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Abstract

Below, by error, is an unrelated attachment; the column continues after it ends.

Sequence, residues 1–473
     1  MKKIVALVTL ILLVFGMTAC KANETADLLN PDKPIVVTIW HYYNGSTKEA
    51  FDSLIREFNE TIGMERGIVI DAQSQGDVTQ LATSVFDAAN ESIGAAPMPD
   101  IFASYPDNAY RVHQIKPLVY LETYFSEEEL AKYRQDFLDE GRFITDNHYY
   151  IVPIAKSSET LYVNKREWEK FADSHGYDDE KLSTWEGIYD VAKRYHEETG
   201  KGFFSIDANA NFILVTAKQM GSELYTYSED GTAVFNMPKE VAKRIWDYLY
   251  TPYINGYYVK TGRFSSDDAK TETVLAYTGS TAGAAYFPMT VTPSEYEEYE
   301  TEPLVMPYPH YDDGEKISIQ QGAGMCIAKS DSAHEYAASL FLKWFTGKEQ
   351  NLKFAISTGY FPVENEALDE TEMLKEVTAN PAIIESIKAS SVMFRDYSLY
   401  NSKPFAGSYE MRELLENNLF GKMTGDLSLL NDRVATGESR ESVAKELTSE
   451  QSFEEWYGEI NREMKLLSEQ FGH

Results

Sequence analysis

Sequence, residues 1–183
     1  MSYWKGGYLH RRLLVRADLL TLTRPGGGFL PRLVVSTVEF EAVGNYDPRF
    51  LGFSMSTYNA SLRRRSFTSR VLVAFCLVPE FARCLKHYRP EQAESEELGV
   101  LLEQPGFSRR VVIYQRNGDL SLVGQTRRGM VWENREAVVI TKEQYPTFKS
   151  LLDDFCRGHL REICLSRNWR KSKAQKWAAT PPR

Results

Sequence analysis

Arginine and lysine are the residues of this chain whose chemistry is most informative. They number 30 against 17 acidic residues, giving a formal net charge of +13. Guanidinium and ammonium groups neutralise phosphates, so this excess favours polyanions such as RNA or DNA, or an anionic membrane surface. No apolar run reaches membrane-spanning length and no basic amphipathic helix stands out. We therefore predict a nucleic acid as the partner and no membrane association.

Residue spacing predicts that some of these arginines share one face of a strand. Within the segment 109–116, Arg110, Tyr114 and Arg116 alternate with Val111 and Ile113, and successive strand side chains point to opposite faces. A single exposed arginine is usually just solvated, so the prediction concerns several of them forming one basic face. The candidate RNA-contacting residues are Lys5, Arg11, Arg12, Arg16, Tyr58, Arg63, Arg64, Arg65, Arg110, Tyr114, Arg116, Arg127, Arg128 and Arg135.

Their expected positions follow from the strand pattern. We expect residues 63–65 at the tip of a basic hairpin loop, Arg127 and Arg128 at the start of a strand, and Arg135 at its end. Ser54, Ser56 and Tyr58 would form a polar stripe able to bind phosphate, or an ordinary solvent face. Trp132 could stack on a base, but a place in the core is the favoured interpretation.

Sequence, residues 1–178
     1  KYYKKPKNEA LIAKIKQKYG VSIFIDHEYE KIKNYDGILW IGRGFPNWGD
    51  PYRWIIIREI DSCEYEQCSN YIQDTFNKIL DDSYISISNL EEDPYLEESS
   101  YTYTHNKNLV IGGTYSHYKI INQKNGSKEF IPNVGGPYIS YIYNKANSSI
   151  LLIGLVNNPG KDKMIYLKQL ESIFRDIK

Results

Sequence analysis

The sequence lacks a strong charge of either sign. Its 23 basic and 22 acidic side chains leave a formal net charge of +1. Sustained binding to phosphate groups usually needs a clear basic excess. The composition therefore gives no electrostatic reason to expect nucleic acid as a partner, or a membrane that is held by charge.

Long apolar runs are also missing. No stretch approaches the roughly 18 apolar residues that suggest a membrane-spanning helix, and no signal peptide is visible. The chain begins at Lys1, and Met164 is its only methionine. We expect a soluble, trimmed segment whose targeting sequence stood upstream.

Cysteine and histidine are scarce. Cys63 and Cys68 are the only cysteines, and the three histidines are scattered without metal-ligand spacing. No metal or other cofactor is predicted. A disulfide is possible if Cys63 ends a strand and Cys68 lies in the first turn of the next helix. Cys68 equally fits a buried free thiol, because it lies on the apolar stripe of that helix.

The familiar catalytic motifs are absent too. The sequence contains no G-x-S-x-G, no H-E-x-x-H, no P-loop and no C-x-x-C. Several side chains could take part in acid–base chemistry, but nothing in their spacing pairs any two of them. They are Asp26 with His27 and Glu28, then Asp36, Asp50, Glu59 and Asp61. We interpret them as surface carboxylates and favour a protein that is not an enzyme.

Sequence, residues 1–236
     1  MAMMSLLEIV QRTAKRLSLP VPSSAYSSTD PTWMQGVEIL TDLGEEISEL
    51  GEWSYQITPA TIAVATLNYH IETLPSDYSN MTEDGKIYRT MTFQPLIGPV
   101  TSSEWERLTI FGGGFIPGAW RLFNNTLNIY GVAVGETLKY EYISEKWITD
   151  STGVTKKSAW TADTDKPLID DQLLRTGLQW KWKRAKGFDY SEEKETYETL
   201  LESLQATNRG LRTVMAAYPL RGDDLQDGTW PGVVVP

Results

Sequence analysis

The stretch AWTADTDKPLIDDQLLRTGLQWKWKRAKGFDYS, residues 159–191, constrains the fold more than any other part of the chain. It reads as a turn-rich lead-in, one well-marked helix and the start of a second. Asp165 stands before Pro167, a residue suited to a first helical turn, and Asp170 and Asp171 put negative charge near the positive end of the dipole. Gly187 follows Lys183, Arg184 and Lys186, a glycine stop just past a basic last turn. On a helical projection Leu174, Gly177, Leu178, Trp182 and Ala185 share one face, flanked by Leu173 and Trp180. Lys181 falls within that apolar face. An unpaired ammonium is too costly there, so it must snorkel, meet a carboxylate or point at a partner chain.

From a post-colonial and gender perspective I examine R.K. Narayan’s The Mahabharata (1978), Chitra Banerjee Divakaruni’s The Palace of Illusions (2008) and Mahasweta Devi’s “Draupadi” (1997), in order to analyze how they have rewritten the ancient myth of the Mahabharata. To be more precise, I look into the story of Draupadi, one of the most popular female protagonists, who has become an archetype of the Hindu woman. The ultimate goal is to demonstrate by confronting these narrations that Narayan’s modern prose responds to the dominant Brahmanical discourse that has built up essentialist models of masculinity and femininity. In contrast, Divakaruni’s and Devi’s texts go a step further and 1) hark back to a Brahmanical patriarchy that has exercised control over the feminine throughout history; 2) offer a form of counter discourse by interrogating and deconstructing gender; 3) expose with their rebellious voices the limits of the colonizing power and 4) give us a more accurate understanding of women’s realities in contemporary India.